Jiva Technology

Tutorhub Q&A: History Revision Techniques

Here’s one for all you historians out there. I always found it slightly problematic trying to cram in all the dates and facts and characters needed for my history exams – which is probably why I ended up studying engineering. Our Tutorhub Q&A question of the week tackles the tricky question of revising for History exams. Given a fire hose of information, how do you prepare for a test or an exam? You’ll find a few gems in here:


How would Steve Jobs tackle global warming?

Larry Elliott wrote a piece in the Guardian/Observer yesterday that questioned how one of Henry VIII’s Minister’s, Thomas Cromwell, might tackle two issues facing his modern day counterparts: government deficits and bad behaviour at banks.

The article is interesting in itself, but what captured my imagination was the more profound idea of looking at problems from the point of view of a major historical figure. How would Martin Luther King approach civil rights in modern China? How would Margaret Thatcher have tackled the crisis in Bosnia that triggered the First World War? How would Steve Jobs tackle global warming? You’re forced to combine research into the problem itself with research into the characteristics of the individual and to think about the ways that your attitude can affect how you approach a problem as much as the facts. Interesting, huh?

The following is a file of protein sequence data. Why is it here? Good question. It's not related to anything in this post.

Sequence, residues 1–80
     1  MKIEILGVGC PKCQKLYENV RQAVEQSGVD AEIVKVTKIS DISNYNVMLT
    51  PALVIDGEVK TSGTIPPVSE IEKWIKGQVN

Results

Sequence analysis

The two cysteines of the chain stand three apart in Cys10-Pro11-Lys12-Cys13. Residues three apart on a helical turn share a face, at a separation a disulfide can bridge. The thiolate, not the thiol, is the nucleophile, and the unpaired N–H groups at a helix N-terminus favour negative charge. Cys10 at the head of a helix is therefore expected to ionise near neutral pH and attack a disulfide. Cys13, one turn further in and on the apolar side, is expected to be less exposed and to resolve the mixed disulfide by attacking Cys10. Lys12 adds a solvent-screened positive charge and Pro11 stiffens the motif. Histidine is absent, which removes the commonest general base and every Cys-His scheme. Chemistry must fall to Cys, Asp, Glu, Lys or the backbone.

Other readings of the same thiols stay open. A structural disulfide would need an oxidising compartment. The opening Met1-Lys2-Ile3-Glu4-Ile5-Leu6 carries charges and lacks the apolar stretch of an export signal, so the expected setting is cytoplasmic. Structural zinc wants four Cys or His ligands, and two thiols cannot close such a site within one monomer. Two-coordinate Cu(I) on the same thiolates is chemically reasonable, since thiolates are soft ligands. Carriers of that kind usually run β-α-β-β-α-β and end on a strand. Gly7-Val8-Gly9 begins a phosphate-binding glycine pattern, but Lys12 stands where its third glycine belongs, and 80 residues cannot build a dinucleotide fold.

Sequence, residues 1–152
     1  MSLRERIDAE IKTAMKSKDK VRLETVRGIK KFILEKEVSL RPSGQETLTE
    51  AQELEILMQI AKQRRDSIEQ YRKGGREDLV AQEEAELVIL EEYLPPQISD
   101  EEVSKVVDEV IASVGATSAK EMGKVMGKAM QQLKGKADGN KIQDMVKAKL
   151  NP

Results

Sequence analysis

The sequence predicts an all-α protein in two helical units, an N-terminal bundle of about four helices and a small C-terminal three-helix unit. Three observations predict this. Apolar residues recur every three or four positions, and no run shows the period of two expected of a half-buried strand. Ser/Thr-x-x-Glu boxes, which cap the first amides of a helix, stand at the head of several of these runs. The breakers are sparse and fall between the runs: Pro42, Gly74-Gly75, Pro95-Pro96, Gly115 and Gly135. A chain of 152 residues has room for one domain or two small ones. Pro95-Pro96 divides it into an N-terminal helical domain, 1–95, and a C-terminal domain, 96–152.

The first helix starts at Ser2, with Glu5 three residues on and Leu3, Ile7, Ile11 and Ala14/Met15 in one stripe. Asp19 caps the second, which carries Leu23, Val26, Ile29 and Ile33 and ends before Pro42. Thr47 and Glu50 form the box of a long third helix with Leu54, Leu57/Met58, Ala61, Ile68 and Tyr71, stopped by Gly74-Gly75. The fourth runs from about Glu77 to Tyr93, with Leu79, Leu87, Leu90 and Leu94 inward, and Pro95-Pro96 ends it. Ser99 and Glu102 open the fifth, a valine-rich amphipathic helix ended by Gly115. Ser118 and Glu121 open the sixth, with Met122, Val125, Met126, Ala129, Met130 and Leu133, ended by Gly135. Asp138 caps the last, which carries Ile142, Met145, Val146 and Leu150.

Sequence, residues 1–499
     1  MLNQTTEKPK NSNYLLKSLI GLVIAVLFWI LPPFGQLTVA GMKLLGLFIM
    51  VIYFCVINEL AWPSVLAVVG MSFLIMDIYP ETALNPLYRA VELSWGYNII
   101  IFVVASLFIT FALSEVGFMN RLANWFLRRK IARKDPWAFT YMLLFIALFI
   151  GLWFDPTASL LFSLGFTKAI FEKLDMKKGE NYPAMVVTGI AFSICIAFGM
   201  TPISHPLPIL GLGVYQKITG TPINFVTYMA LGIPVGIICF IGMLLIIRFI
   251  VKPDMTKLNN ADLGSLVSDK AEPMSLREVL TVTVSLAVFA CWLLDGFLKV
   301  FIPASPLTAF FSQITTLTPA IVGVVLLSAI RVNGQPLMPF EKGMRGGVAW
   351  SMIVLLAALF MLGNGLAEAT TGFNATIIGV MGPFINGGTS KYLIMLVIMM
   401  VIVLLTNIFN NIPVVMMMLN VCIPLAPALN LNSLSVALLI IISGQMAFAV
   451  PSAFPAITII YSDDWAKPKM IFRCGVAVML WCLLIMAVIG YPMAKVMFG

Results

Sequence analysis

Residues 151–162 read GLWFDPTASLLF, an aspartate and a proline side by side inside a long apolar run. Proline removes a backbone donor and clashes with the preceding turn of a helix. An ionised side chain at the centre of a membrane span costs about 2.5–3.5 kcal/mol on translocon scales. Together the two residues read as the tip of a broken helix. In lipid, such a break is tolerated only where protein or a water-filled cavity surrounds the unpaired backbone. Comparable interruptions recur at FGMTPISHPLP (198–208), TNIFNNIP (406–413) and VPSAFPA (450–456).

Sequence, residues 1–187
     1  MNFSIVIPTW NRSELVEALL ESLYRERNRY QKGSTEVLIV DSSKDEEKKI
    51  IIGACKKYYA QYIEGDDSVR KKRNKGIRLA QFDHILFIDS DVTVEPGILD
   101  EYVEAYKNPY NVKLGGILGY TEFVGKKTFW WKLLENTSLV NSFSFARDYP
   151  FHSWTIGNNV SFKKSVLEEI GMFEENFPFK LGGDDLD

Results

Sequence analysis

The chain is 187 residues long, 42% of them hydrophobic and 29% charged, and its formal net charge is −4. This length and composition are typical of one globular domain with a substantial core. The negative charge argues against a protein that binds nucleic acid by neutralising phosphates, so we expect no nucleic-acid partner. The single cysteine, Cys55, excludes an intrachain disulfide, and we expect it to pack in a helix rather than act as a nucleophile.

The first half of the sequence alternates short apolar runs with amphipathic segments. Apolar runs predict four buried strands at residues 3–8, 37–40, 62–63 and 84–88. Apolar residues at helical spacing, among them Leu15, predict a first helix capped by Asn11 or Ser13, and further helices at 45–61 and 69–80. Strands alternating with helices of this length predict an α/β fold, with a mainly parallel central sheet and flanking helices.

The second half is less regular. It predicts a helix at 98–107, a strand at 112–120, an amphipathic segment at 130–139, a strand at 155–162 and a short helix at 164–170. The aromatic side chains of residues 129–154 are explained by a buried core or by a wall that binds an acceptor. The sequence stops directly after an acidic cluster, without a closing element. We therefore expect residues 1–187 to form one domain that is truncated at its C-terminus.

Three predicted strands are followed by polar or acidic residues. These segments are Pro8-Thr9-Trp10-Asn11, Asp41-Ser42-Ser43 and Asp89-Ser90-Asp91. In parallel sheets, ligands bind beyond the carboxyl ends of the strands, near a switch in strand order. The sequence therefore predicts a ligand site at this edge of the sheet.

Now where’s that like-button on newspaper articles?

Tutorhub Q&A: Question of the Week

This may seem a little strange, but I love maths. I’m not alone in loving maths, but we maths-lovers have to admit that we’re in the minority. So I can’t help but promote this Q&A Hub questions as my questions of the week:

Who are the 30 greatest mathematicians?

My vote? Fermat.

On Leadership

Leadership is a popular topic: much discussed in business school, much missed in politics and not much in evidence in the world around us. All too often we hear media stories of those we previously thought of as capable leaders revealing their monumental feet of clay. There are exceptions: Pope Francis is one who clearly springs to mind – a man with a solid feet of values who’s not afraid to speak his mind and lead his flock in what he sees as the right direction. That clarity of thought and action seems rare, when most politicians seem hell bent on promoting policies derived from focus groups and data mining exercises, rather than high minded principle.

Sport is an arena where we frequently (and perhaps unjustifiably) demand more, but with a Premier League dominated by money, it has fallen to the England Rugby Team to demonstrate what it really means to be a leader. Two names: Lancaster and Robshaw. If you want to know what it means to be a leader, then just watch them. Robshaw says little but always makes more tackles than anyone else on the rugby pitch: a prefect case of leadership by example. Lancaster is a man who sticks to his word, promotes those that perform and radiates a love of what he does.

Has anyone got a bank that these guys can run?



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